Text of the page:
"It's like chewing gum," Pracht says. "If you buy a pack a week for $1 and it goes up 10 cents, so what? But if you buy a 1,000 packs a month and they increase the price 10%, that's another $100. Suddenly, the impact gets larger. So the impact of rising health insurance costs on small companies is a major problem."

The federal government's move into prescription drug costs introduces another wrinkle, Sobel says.

"I'm a little bit cynical cause I've been doing this a long time. We said 20 years ago that employers wouldn't continue swallowing increases but they are," Sobel says. "Our clients are modifying plans and introducing more cost sharing with employees. Companies have separated from the idea of wringing costs by going to HMOs because everyone liked the (non-HMO) plans. We've abandoned the managed care concept of micro-managing."

So what's the solution? Sobel isn't sure. Better to ask what won't work.

"Most employers can't, by themselves, affect the whole system," he says. "There are groups banding together to take quality initiatives. But many are moving to networks offering better deals. Maybe you consolidate vendors. There are PPOs and insurers that have negotiated better deals. Providers are savvy at trading off between volume and discounts. If Joe Blow says, 'I want 30% off,' they'll say, 'Take a hike.' But if it is Blue Cross/Blue Shield with 3 billion enrollees, they have to listen."

Consumer driven plans are another possibility that some are toying with as an option. A consumer-driven plan typically has a high deductible and instead of instantly paying out of pocket for claims, these plans have a spending account assigned to each participant. "It becomes the employee's account," Sobel says. "The employee is encouraged to use it expeditiously and watch it grow, saving it to use down the road when they need it. They view it more as their money. When it's your money, you use it more carefully than when it's somebody else's. This is another vehicle for employers if they don't want a straight vanilla plan. But these require a lot of attention because they can be confusing.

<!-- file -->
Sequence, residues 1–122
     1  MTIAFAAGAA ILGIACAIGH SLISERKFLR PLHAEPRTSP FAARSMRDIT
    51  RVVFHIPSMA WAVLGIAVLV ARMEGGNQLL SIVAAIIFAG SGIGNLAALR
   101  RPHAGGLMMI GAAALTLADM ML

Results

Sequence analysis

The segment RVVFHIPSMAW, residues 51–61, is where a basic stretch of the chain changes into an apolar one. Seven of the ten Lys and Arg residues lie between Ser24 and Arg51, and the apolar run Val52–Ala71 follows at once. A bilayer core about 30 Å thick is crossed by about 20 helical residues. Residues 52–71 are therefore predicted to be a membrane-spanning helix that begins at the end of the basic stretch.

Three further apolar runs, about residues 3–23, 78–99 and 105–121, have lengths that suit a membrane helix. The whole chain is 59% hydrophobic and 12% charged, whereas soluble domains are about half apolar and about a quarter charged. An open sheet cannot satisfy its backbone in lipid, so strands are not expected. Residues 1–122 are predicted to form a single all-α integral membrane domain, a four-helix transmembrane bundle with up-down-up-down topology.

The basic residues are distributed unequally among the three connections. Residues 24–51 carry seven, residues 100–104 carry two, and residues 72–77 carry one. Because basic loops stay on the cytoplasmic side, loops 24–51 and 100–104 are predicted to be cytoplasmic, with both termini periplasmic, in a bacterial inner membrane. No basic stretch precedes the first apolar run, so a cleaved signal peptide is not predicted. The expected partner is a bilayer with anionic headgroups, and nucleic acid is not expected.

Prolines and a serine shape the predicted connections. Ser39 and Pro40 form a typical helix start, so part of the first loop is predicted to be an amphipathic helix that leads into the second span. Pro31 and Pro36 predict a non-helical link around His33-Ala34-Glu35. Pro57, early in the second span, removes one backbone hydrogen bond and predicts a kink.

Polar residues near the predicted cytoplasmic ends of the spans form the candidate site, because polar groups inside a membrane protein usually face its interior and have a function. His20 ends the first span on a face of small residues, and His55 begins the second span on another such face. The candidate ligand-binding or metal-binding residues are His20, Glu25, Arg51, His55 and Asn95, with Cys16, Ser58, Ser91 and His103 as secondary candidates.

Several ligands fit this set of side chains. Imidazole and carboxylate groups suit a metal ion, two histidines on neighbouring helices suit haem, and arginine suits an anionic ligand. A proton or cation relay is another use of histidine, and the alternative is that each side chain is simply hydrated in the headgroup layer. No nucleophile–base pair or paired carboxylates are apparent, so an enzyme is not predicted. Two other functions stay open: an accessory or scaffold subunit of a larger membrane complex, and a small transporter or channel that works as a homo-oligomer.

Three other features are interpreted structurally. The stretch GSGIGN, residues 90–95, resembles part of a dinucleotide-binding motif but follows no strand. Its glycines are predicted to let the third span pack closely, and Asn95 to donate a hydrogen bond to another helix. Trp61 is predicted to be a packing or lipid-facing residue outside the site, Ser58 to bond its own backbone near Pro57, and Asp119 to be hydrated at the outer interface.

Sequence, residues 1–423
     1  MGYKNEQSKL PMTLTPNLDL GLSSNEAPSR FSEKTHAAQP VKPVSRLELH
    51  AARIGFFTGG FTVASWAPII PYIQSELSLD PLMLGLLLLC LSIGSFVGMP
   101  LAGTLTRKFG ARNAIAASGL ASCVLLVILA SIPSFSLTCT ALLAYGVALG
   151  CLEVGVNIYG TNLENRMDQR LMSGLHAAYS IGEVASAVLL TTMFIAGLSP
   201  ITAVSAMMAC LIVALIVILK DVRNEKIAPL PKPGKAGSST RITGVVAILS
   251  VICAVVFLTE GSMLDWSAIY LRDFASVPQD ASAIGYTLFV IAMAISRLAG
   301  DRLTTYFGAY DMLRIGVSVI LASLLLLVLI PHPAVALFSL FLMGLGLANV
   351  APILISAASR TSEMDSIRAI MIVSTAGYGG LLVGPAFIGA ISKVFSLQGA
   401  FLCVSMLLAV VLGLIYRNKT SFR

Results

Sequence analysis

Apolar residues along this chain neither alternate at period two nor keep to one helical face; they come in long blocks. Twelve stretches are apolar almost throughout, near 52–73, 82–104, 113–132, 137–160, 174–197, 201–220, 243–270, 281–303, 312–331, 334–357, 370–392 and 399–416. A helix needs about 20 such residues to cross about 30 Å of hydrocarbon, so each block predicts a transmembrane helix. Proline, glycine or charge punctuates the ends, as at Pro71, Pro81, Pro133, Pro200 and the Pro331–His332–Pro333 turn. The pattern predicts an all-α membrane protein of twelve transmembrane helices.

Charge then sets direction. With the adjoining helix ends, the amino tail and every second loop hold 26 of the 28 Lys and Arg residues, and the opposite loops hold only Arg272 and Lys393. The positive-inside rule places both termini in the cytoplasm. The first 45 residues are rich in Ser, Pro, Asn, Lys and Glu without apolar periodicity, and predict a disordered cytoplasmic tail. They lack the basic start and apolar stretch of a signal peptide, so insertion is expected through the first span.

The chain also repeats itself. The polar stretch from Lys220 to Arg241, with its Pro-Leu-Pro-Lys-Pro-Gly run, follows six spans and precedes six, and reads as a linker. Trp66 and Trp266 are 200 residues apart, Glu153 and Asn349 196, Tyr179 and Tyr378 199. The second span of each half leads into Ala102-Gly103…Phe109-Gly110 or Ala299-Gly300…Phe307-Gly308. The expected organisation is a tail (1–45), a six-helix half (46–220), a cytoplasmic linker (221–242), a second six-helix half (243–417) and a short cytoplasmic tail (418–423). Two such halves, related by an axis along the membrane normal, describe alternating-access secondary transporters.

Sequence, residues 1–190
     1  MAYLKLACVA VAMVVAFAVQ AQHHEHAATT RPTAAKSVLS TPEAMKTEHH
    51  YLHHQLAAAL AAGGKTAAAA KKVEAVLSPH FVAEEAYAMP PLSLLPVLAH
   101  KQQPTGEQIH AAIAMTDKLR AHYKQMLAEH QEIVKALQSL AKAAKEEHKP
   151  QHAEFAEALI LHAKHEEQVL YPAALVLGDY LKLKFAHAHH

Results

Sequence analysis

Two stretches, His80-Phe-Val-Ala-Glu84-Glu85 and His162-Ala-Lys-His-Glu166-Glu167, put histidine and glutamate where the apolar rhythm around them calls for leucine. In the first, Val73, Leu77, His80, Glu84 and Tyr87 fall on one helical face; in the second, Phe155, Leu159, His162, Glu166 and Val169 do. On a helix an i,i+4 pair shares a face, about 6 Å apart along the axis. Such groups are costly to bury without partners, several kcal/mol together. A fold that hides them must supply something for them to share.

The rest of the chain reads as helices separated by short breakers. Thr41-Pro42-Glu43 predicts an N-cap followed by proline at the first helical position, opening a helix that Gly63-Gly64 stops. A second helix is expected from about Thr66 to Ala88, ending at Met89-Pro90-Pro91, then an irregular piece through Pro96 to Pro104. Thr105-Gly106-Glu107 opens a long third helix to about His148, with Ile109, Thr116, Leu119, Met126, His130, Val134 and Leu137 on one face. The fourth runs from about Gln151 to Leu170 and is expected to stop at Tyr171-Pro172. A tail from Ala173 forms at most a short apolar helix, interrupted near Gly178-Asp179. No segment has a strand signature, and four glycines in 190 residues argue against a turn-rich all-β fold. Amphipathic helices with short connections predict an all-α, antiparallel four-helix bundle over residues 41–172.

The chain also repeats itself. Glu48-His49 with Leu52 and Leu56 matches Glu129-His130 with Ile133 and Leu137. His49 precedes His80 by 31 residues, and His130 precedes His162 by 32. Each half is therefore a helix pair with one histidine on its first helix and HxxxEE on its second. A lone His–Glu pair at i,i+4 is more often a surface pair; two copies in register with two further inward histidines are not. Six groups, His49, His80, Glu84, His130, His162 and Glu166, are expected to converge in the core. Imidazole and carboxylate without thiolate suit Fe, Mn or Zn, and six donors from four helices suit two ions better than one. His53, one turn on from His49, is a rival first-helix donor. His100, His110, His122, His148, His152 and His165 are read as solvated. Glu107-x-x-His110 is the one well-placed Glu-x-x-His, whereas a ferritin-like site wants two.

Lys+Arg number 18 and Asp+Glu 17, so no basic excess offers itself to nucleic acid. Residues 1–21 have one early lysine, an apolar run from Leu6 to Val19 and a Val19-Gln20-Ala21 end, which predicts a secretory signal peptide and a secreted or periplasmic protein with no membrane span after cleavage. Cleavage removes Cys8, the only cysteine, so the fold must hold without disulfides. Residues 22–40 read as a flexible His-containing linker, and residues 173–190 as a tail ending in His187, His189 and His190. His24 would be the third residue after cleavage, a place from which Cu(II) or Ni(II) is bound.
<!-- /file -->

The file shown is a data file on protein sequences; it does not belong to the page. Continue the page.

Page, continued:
Clearly, the U.S. health care system is in flux.

"In a sense the market is kind of boring now," Pracht says. "During the '90s, the backlash we saw resulted in managed care taking off. What's going to happen after the next backlash? Things might calm down, but then you'll have another backlash. Is it going to become universal health care where the government has to take over? It probably will be big business asking for a different system. We're waiting to see what the next big thing will be. Cost-containment is still important, but it's evolving."

"Maybe the professor is right," Sobel says. "Something else needs to happen."

How Does

BayCare Cope?

How does a health care business with 15,000 employees handle its own rising health care insurance costs?

"Education and communications," says Lana Bilchak, director of benefits for Clearwater-based BayCare Health Systems, the administrative arm of several large hospitals in the Tampa Bay area, including St. Joseph's-Baptist Health Care and Morton Plant Health Care.

"We have the same concerns and struggles that any other employer has," she says. "Employers can't pay for all the costs as they go up and up.

"We know from surveying our team members that the medical plan is the most important benefit they have. We set a goal to subsidize our employee medical plan by about 75%. So our team members pay 25% overall.

"The advantage we have is that we're self-insured and we charge ourselves costs," Bilchak says. "We don't charge our team members more than it costs us."

So there it is, the solution to rising health care costs: buy your own hospitals.

"Because we're self-insured and use our own providers and facilities, we control those costs more. And we aggressively manage our care. We make sure our team members are educated in the cost of health care. We show them what other employers are doing and how we compare to that," Bilchak says.

There is a disadvantage to the BayCare plan. "It's a known fact that health care workers are higher utilizers of medical care," Bilchak says.

She concurs with others who say rates will continue to rise in 2004. BayCare's employee health care program will not be any more immune than others.

"There are new procedures and technologies, and salaries will go up, and the actual costs have to be passed along. But as a self-insured system, maybe our costs don't go up as much," she says.